The Steenerson Act of 1904 was a Trojan Horse for Minnesota’s Anishinaabe people. It looked like a gift and it ended up being a trap to get access to the tribe’s valuable timber. The act was named for its author, Minnesota U.S. Rep. Halvor Steenerson of Crookston. It was passed on this day in history, April 28, 1904.
Here’s how Minnesota’s leading politicians connived to help their buddies in the timber industry.
Start with the fact that before the Steenerson Act was on the table, federal policy already had begun breaking up tribal-held lands into individual allotments. The goal was to assimilate Native Americans into main stream society by making them individual property owners. On White Earth, families received 80 acres parcels of non pine land. The valuable timber lands remained under tribal ownership, because it could not be equitably divided.
According to Melissa Meyer’s book: The White Earth Tragedy: Ethnicity and Dispossession at a Minnesota Anishinaabe Reservation, the individual allotments on White Earth were had been less than expected and families wanted larger allotments. Enter Rep. Steenerson who authors a bill to double the allotments to 160 acres. He’s a hero. Some people on the reservation “were so pleased that they started an effort to adopt Steenerson into the tribe and give him his own allotment,” Meyer wrote
Now comes the Trojan Horse.
A day after Steenerson introduced his bill, Minnesota U.S. Sen. Moses Clapp of Fergus Falls introduced a rider to a lengthy Indian Appropriations bill. It allowed individual Indian landholders to sell the timber on their allotments. Steenerson’s plan to expand the size of individual holdings, which Clapp had supported, could be met “only if the pine lands, heretofore largely unallotted, were divided …” Bottom line: The two measures worked together — Steenerson’s bill increased the pine lands in individual ownership and the Clapp Rider let them sell it. It made it easier for the lumber industry to buy off the timber.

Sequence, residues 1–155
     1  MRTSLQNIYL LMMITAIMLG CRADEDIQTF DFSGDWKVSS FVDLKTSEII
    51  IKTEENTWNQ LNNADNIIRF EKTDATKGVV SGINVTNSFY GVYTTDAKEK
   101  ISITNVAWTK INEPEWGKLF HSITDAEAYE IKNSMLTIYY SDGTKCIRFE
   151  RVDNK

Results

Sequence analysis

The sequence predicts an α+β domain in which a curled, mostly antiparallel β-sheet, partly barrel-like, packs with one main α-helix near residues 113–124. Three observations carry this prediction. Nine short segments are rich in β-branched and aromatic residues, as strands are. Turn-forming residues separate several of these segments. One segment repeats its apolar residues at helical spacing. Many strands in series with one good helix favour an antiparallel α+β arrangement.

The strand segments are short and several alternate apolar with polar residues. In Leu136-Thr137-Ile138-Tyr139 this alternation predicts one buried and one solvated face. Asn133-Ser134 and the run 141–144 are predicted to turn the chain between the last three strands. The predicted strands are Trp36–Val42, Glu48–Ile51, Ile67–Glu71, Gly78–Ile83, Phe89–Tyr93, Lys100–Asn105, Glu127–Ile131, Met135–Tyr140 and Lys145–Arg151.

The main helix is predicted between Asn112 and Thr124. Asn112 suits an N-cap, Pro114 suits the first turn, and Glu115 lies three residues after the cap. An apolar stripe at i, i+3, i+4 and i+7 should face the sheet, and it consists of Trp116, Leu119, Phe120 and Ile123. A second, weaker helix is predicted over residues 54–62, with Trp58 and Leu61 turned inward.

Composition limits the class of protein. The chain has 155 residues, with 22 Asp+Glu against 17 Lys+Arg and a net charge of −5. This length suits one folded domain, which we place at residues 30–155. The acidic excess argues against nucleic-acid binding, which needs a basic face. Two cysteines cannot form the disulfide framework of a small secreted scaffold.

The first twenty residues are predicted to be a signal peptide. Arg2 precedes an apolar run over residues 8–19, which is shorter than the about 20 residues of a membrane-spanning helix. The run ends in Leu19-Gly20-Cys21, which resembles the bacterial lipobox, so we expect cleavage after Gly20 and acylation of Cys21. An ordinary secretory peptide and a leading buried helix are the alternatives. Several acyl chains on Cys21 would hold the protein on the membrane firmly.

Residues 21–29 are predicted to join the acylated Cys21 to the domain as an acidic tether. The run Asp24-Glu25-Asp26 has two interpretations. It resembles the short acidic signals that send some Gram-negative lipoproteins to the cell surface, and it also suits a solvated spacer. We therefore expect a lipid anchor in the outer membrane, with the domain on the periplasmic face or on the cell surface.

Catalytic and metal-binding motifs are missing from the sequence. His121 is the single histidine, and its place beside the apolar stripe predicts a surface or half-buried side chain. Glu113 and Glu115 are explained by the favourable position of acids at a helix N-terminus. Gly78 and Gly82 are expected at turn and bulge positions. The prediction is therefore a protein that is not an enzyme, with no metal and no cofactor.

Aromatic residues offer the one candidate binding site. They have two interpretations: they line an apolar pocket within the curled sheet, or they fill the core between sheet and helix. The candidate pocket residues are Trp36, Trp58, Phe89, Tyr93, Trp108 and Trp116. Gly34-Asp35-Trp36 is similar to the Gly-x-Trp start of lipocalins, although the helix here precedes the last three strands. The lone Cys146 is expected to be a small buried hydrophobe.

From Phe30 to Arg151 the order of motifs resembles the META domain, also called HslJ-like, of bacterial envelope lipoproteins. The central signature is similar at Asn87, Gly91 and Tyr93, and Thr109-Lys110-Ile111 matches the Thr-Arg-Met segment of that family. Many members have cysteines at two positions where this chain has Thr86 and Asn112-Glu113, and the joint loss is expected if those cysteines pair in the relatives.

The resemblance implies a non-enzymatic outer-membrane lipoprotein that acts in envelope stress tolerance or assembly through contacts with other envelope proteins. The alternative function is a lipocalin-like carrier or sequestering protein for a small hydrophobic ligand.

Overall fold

In her book, Tracks, Louise Erdrich writes: “The inevitable catalog of abuses — from illiterate tribespeople being conned out of their parcels by unscrupulous lumber companies to crooked representatives writing their own claims — is considerable.”
Pomo Indians Reclaim Piece of California Coast
Minnesota-based Indian Land Tenure Foundation (ILTF) is committed to get Indian lands back in Indian hands. As one example, on Earth Day, it announced that the Pomo Indians were able to reclaim some 700 acres of their ancestral lands along the northern California coast. It was made possible with the help of the Indian Land Capital Company, a subsidiary of ILTF.
In a release, the Foundation said:
Tribal Chairman Reno Keoni Franklin observed: “The Kashia Band of Pomo Indians has come full circle, once again regaining ownership of our coastal land. After 150 years of forced removal from our coast, we have returned to ownership. We are proud owners of the Kashia Coastal Reserve, an environmentally protected property along our Northern California coast. It would not have been possible without the assistance of the Indian Land Tenure Foundation/Indian Land Capital Company, not only did they play a major financial role in our acquisition of the property, they also provided valuable advice and were a strong voice of empowerment when we doubted if we could complete the purchase.”
Film Screening: Rising Voices: Hótȟaŋiŋpi
A film screening of “Rising Voices: Hótȟaŋiŋpi” about the revitalization of the Lakota Language will be shown Wednesday, May 18, from 6 p.m. to 8 p.m., at Anishinabe Academy, 3100 28th Avenue South, in the auditorium. It is free an open to the public. Discussion to follow. Refreshments will be provided.